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Photos taken at Gabrielle O'Connor's house. The Young Women + Work dressed up and acted out roles for the camera
Next door was a lovely old double brick terrace house. At the time of the mural the boys lived here.They were very helpful to us , building a tent frame, Dennis Szalay , in the middle ran around and helped so much. Drugs yep. Me no.
It is always interesting to be invited in to take photos in others lives
Youth - such a safe word - For a not very safe period. A closed shop world peers only welcomed. I was 33 at the time on the other side of being a youth. The rituals of Hunter St,Friday and Saturday night drinking has not changed much, more drugs, Women are more full on now. The youth of Carrington grew up fast, old hands by 18. The illusion of drugs being enlightening has really passed by now, it was a violent world unto itself, for itself. Drugs for drugs, as a way of life. Dennis next door had received 20 thousand dollars compensation for a back injury and within 3-4 months it was gone. Friends, drugs, shiny black car, TV. Then He had a process of selling his "Stuff" for drugs then nothing but a memory. He had a lot of friends for a while.
We did a typical Friday night walk of Hunter St. Visiting the pubs,clubs and pin ball parlors.
Elizabeth Shoebridge, B.Hansen, Greg Burne
Knobby's beach Newcastle - Sunrise photographic excursion in winter, with a barbecue breakfast afterwards
We had a studio base at the Newcastle Community Arts center in Parry St. I loved this place. Big rooms, good light, freedom and support
We had nights where the participants turned up dressed in different costumes and roles .We had so much fun during this time.
Newcastle Community Arts Mural for the International Youth Year. Dairy Farmers Wall – Hunter St, Newcastle. Supervising artist Birgitte Hansen.
This mural is 115 ft x 8 ft high. It is painted on tin with Solver acrylic paint. It is divided into three panels which cover the three themes for the International Youth Year. Participation – Development – peace It is at street level and in the more youth culture part of town with disco’s milk bar, pubs etc and an area which has had a lot of bad press lately because of the vandalism, drunkenness etc. The project started in late May 1985 when letters were sent to high schools , C.Y.S.S schemes, Youth programs’ , Education Institutions, Migrant and Aboriginal co-operatives, Youth Refugees , the Press, T.V and Radio about the project asking for interested Youth to participate. I talked on FM Radio on a program for unemployed called “It’s not easy”. I visited local C.Y.S.S. groups and gave public talks. Out of this a core group was formed. We held design meetings at room 26 at the Community Arts Center. Monday to Thursday at 4.30 p.m. People brought in photos new and old, pictures from books, magazines, paintings and drawings. We then started to define our ideas for each panel, did rough drawings, planned photographic sessions .We had three photographers on the team. We had a guy called Mark Burdekin who borrowed a video camera from Charlestown C.Y.S.S and he documented most of the design section. He became ill and was unable to continue and we lost contact to the film. We made our own badges and handed out survey forms.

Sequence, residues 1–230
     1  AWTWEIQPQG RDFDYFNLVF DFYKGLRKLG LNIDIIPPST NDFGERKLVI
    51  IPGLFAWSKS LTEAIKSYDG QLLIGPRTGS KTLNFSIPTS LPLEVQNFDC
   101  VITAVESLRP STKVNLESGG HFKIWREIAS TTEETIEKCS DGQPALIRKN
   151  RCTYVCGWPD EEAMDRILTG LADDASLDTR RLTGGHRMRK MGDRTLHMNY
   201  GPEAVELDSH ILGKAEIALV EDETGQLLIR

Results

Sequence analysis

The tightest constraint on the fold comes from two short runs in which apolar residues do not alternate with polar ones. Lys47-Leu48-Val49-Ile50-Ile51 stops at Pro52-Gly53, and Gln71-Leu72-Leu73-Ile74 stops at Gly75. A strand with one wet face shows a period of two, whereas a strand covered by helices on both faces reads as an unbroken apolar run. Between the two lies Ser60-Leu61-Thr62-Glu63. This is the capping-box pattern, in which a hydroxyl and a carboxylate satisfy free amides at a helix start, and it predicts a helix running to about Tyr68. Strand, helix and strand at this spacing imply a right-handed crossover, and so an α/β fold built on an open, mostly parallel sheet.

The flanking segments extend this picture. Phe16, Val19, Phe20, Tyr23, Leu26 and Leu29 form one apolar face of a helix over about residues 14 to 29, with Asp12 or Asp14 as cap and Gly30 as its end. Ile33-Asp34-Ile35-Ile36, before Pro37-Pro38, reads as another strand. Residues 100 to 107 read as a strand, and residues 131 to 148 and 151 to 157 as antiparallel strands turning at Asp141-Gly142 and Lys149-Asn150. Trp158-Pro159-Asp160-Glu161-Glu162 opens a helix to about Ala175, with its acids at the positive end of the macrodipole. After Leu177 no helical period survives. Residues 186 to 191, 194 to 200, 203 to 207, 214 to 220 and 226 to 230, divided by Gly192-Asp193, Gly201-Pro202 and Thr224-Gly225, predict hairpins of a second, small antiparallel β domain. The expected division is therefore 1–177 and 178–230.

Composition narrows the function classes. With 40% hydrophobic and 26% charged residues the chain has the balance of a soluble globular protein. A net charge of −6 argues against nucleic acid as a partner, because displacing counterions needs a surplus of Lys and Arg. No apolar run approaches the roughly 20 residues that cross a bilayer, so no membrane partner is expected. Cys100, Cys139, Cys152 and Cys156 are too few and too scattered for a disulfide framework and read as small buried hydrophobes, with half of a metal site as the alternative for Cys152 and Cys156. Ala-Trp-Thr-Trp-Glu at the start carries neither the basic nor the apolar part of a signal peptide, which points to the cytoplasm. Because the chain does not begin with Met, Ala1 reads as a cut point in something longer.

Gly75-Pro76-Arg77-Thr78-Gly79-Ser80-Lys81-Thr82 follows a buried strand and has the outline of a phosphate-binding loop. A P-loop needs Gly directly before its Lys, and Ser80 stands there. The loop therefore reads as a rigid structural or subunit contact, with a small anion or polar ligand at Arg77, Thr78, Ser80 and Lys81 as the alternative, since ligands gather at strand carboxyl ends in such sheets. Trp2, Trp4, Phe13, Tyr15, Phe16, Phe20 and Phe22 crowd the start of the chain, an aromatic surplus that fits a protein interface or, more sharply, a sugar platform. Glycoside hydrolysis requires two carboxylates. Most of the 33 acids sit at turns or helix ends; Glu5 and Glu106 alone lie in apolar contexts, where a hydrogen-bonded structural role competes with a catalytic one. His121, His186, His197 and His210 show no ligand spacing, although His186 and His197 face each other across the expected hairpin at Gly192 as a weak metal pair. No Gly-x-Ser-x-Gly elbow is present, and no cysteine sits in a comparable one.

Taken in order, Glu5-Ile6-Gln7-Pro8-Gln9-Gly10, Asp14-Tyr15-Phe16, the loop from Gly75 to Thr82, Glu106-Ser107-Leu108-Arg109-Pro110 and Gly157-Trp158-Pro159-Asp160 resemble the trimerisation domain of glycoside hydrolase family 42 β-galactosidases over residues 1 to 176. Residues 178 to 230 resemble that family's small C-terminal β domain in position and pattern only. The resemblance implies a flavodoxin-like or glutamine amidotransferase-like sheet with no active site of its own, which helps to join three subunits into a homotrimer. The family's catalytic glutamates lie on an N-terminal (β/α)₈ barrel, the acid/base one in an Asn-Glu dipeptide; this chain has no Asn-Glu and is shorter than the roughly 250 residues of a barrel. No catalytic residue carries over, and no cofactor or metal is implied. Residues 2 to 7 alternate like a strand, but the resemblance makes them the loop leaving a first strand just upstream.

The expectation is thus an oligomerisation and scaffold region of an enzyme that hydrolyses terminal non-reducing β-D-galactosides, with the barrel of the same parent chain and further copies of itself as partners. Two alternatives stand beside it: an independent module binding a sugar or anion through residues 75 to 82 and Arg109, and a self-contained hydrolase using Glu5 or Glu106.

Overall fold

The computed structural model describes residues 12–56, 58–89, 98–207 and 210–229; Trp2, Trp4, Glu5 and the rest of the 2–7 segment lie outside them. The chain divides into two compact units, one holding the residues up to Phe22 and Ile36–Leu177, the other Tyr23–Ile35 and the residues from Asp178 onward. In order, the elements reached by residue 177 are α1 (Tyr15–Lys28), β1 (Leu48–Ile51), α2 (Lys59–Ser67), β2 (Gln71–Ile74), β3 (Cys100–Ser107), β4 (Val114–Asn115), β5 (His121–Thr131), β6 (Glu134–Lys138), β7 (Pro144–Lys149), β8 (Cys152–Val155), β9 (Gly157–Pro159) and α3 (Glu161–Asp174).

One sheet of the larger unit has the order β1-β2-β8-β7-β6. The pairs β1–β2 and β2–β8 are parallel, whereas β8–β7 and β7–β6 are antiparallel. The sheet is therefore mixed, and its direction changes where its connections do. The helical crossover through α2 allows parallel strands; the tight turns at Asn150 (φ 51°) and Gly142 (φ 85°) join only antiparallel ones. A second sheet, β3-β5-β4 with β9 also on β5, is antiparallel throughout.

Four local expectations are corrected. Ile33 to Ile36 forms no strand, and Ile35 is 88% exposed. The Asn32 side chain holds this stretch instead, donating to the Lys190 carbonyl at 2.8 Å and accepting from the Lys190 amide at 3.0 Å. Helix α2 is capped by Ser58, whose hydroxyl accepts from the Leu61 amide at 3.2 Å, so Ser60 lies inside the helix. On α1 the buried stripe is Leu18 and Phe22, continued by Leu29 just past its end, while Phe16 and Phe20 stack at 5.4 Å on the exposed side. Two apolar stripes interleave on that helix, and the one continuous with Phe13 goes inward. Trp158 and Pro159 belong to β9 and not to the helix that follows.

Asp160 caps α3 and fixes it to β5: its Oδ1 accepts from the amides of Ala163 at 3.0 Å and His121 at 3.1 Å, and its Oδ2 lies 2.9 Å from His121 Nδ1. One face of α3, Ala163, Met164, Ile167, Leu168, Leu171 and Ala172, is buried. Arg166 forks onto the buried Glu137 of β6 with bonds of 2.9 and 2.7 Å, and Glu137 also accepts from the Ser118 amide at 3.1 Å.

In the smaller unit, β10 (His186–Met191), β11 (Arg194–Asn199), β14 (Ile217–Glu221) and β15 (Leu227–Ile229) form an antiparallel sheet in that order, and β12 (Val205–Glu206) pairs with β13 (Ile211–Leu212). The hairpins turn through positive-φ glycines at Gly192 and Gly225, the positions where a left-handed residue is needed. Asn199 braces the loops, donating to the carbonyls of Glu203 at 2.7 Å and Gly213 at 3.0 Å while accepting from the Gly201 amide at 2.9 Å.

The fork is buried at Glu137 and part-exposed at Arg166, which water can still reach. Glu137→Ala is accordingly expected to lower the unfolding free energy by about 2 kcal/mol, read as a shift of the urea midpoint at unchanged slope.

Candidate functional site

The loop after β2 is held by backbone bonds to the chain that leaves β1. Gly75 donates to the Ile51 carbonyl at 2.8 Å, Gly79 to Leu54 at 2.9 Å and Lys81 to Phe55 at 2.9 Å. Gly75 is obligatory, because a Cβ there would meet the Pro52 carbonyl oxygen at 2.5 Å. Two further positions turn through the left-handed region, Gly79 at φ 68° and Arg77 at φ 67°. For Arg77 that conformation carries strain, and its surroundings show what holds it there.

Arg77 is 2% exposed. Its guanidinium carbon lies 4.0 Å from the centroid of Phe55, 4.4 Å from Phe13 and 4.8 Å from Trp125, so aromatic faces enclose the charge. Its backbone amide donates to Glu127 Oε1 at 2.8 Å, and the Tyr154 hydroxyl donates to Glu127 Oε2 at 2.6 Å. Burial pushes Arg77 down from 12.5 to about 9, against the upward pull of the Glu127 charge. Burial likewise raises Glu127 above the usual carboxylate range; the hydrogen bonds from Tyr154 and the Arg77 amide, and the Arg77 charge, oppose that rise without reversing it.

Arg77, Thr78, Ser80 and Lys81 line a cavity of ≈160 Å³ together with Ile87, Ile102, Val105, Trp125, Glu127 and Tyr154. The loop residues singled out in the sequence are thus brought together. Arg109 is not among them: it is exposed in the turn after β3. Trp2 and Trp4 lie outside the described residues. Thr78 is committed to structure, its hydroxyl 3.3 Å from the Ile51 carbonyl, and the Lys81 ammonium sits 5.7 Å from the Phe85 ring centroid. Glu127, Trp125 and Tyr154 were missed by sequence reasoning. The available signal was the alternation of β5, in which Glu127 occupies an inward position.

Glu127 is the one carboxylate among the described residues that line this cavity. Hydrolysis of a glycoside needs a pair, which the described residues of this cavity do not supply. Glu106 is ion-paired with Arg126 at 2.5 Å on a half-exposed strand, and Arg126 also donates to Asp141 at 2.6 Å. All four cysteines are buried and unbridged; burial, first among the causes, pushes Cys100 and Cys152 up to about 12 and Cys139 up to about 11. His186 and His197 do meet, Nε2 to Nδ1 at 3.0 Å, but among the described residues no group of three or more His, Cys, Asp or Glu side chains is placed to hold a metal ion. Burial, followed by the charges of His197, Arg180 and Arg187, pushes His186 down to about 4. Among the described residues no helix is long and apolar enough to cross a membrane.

Peace For the Image of Peace we decided to use a sunrise over Knobby’s Beach, with a couple at one end and a war wall at the other end symbolizing reconciliation and hope with the beginning of a new day. A sunrise barbeque was organized for the middle of winter for photographing the sunrise. Press releases were sent out and thirteen brave people attended. A combination of 3 of the photographs became the last panel. “ Peace”.
Development. Originally started as a boy and girls bedroom with images of their life on the walls, an unmade bed in foreground with job vacancies outlined in newspaper on bed. There were to be people outside the back wall waiting in a job vacancy queue. This became a difficult panel to solidify as we had a lot of technical problems with perspective, proportion and angles. The Golden Section was used as a proportional tool for all panels to achieve harmony. Many nights of changes and arguments ensured before we came up with our final image. The youth decided that the main issue facing them at that time was unemployment and the social consequences, how it affected their self image and their ability to develop. The C.E.S pictures were based on actual ques of people waiting to apply for jobs at a new supermarket. The photos on the collages were part of our research or taken from our own collections and some were from local photographers, Sue Anderson. A local girl called Tracy spent a lot of time hand coloring items, but after they were up the colors ran in the rain. The guy walking out of the doorway is walking to join the dole que or going to the “Peace” panel. The girl walking in is apprehensive about her life future and job prospects.